As states consider whether to apply for the first or second round of Race to the Top Fund grants under the economic-stimulus program, the U.S. Department of Education is emphasizing that they shouldn’t worry about being first in line to win a piece of the $4 billion being awarded.
“We promise there will be plenty of money left in phase two,” Joanne Weiss, the department’s Race to the Top director, told states gathered in the Baltimore area for a recent department-sponsored technical seminar on the competitive-grant program.
With the Jan. 19 deadline for the first round of applications just a month away, the Dec. 10 event was part of a stepped-up effort by the department to make sure states understand what is being asked of them—from the broad education improvement ideas they should be advancing to the narrow, technical details of how to fill in the blanks on the application.
So far, 36 states have filed letters with the department indicating they plan to apply in Round 1. To figure out how many peer reviewers will be needed, the department asked states to submit a letter if they intend to apply by the Jan. 19 deadline.
However, that list is just an indication of which states are making an early play for the money made available by the American Recovery and Reinvestment Act; it doesn’t mean those states will apply, nor does it preclude states that aren’t on the list from applying.
States that let the Jan. 19 deadline pass without applying—or lose out in the first round—can apply again in the second round, for which applications are due June 1. Winners from Round 1 will be announced in April. Also at that time, losing states will get feedback from the judges on how to make their applications stronger for the second round.
Based on the dozens of questions at the recent seminar, it’s clear that there are many state-specific circumstances for which state teams want answers. (Another technical-assistance seminar was held in early December in Denver.)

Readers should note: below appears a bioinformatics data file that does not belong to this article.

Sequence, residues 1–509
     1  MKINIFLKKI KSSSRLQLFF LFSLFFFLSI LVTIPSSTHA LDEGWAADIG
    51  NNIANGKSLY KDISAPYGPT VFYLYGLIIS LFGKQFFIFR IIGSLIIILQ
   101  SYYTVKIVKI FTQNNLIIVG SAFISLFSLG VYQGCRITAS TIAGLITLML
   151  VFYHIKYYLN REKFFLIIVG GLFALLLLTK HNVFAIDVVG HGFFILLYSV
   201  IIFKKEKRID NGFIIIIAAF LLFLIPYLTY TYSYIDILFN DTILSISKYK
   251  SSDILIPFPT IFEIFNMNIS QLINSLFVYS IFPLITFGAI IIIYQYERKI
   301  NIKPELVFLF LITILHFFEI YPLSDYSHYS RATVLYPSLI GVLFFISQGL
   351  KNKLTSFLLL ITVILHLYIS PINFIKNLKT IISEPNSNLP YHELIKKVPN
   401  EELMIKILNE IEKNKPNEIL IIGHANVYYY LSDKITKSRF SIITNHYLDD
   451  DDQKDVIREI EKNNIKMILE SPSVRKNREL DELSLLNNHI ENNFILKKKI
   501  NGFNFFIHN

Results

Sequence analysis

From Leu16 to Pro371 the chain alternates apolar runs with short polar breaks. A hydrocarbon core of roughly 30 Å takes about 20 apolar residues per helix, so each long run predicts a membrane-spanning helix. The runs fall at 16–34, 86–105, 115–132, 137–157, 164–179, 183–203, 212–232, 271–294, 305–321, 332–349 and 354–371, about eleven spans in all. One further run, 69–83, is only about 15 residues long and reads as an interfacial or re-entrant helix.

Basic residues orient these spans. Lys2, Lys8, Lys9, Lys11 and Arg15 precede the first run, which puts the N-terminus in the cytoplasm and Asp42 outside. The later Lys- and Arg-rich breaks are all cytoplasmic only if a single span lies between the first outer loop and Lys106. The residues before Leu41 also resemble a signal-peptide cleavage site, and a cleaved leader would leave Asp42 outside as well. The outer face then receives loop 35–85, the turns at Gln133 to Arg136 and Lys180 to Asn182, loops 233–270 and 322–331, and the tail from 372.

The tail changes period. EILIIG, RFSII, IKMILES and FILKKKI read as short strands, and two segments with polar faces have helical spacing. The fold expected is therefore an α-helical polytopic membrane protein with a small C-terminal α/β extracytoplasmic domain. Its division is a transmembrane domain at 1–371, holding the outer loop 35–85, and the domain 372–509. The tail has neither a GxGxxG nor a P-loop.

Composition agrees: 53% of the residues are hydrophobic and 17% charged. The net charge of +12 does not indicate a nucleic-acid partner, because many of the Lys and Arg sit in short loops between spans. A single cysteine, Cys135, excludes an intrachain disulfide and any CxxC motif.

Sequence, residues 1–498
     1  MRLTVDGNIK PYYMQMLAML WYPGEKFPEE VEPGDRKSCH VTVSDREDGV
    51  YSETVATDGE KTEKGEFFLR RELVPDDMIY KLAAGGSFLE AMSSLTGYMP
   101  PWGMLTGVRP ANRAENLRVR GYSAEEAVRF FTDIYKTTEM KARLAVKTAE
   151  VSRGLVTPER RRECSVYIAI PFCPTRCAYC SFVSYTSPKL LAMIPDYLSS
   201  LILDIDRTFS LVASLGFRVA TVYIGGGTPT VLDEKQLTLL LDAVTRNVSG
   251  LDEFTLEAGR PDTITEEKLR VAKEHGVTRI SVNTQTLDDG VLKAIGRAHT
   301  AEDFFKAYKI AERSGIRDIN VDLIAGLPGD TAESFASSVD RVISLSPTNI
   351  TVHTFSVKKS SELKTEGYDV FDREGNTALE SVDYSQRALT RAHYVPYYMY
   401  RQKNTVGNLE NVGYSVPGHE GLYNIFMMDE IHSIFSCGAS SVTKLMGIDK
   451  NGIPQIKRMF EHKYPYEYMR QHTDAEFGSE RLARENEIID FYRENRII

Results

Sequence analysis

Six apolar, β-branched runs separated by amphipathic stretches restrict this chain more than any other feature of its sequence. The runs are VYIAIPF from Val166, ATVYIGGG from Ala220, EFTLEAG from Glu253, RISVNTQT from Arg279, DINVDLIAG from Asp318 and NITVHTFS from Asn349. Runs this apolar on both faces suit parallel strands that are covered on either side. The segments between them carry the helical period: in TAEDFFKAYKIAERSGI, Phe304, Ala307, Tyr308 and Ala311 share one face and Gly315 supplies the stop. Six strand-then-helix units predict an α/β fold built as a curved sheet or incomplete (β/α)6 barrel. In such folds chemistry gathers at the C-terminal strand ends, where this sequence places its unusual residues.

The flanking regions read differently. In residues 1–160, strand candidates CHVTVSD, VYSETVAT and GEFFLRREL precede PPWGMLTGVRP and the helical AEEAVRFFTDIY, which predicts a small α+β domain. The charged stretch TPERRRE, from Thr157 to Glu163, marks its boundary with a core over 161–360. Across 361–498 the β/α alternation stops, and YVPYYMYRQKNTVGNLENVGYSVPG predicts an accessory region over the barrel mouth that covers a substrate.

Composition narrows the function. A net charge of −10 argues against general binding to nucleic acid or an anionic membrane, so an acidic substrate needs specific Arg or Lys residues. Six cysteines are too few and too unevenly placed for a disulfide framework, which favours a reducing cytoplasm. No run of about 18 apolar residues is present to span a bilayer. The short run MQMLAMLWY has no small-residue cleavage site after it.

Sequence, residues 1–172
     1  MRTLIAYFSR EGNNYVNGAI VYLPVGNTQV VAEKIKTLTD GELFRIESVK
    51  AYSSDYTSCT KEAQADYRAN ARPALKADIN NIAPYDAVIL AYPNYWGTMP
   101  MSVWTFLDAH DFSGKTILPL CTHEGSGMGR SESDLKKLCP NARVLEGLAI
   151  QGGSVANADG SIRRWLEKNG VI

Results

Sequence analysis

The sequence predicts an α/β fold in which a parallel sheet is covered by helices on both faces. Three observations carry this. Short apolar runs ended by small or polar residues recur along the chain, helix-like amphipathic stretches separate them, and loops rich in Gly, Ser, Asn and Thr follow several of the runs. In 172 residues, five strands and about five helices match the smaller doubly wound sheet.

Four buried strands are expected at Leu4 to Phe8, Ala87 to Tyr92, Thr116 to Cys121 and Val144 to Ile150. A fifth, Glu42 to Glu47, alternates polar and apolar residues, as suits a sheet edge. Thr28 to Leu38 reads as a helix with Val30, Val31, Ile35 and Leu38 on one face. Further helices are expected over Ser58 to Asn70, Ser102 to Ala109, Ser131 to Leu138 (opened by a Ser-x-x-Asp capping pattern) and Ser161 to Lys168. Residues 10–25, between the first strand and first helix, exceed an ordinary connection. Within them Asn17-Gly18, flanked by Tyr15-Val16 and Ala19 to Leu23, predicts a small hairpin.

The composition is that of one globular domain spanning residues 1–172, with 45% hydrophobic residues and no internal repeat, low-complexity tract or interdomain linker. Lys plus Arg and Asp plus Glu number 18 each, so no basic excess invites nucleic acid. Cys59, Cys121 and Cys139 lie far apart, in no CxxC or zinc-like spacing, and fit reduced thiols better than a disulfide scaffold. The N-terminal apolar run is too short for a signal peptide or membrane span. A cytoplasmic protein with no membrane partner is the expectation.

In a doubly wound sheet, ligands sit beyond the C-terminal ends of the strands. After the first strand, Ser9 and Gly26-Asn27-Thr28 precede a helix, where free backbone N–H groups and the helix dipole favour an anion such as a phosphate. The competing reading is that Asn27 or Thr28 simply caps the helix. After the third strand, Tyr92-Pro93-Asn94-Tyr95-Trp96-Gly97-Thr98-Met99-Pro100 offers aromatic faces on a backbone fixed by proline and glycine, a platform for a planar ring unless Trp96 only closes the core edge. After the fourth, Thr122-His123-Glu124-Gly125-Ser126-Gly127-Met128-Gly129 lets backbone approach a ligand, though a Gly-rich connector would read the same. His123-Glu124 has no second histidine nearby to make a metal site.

A South Dakota official asked if American Indian-chartered schools count as charter schools even though the state doesn’t have a law authorizing such schools.
Hawaii officials had a few questions about how the application applies to them since they have a single, state-run school district.
In the area of common standards, New Hampshire officials wanted to know if that state’s participation in the New England Common Assessments Program, or NECAP, counts as much in earning points toward a grant as the larger Common Core State Standards Initiative. The NECAP consortium involves four states; the Common Core initiative includes 48 states. The Race to the Top competition doesn’t explicitly say that the Common Core effort is the only consortium available, but it is the largest ongoing effort.
States also wanted clarification on seemingly small, yet important, details in the Race to the Top guidelines. For example, the Race to the Top regulations say student growth should be a “significant” factor in teacher and principal evaluation for the maximum possible points (the application is scored on a 500-point scale). A representative from Arkansas asked what is meant by “significant.”
“We mean significant factor. We don’t like magic numbers here,” said Josh Bendor, who works on the department’s Race to the Top team.
There were also a number of questions from states about buy-in from teachers’ unions, with many state representatives making clear that they have concerns about how willing unions will be to support many of their education reform initiatives.
States are also concerned about how difficult it might be to get local school districts on board. Districts must sign up with a state to be entitled to their share of the Race to the Top money; some officials fear that requirement may result in a misguided incentive to see that fewer districts sign up, so the money won’t be spread so thin. (Half of each winning state’s Race to the Top grant will go to school districts based on the Title I formula for aid to disadvantaged students; the other half will be spent entirely at the state’s discretion.)
It’s also clear that some states don’t like the dollar-amount ranges that the Education Department has given as a guide for the Race to the Top competition.
Tennessee Commissioner of Education Timothy Webb said in an interview that his state is going to ignore those estimates, treat them merely as examples, and ask for more money. (Tennessee was in the category in which the maximum award is $150 million.)
“We’re taking that as just an example,” Mr. Webb said.
A version of this article appeared in the December 16, 2009 edition of Education Week as Reassurance Offered on ‘Race to Top’ Availability